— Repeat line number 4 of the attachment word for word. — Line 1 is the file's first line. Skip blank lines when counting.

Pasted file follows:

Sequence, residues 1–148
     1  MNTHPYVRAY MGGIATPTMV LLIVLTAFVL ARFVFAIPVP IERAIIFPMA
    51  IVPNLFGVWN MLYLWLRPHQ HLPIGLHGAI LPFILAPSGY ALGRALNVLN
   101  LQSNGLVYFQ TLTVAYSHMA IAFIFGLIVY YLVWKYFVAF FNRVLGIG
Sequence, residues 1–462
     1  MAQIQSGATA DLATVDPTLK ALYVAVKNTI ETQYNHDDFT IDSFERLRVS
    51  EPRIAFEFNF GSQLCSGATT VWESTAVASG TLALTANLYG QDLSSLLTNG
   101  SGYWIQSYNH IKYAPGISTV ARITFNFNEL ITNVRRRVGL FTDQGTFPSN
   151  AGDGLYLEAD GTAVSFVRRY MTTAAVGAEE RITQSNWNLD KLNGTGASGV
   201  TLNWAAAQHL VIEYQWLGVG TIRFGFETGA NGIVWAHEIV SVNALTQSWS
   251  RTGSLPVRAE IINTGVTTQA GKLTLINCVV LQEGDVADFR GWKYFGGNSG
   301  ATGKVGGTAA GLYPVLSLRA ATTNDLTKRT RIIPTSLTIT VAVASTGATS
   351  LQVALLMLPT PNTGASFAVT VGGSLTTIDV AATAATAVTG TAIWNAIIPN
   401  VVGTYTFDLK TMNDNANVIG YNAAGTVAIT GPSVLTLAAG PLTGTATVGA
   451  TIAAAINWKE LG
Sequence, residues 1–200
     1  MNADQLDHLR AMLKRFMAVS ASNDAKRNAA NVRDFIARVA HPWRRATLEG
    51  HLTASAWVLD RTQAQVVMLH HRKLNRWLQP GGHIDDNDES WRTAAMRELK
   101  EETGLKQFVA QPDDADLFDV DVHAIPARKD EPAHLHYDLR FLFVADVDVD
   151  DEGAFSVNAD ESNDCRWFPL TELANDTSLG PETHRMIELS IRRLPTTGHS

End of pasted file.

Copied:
   101  LQSNGLVYFQ TLTVAYSHMA IAFIFGLIVY YLVWKYFVAF FNRVLGIG